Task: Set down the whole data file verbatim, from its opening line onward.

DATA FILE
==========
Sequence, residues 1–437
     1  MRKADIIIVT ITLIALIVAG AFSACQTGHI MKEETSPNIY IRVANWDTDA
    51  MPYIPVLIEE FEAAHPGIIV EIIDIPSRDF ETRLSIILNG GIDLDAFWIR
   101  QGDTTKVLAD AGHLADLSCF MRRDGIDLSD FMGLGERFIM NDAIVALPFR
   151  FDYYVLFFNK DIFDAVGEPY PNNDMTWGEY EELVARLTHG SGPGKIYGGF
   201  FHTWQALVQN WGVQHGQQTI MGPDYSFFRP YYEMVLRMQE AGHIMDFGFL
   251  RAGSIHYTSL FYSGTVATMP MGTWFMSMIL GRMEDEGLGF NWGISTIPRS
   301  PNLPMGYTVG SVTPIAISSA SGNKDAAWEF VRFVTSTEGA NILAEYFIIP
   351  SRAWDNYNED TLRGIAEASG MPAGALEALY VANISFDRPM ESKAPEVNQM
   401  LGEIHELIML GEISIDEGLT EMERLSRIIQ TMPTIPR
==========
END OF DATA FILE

Sequence, residues 1–437
     1  MRKADIIIVT ITLIALIVAG AFSACQTGHI MKEETSPNIY IRVANWDTDA
    51  MPYIPVLIEE FEAAHPGIIV EIIDIPSRDF ETRLSIILNG GIDLDAFWIR
   101  QGDTTKVLAD AGHLADLSCF MRRDGIDLSD FMGLGERFIM NDAIVALPFR
   151  FDYYVLFFNK DIFDAVGEPY PNNDMTWGEY EELVARLTHG SGPGKIYGGF
   201  FHTWQALVQN WGVQHGQQTI MGPDYSFFRP YYEMVLRMQE AGHIMDFGFL
   251  RAGSIHYTSL FYSGTVATMP MGTWFMSMIL GRMEDEGLGF NWGISTIPRS
   301  PNLPMGYTVG SVTPIAISSA SGNKDAAWEF VRFVTSTEGA NILAEYFIIP
   351  SRAWDNYNED TLRGIAEASG MPAGALEALY VANISFDRPM ESKAPEVNQM
   401  LGEIHELIML GEISIDEGLT EMERLSRIIQ TMPTIPR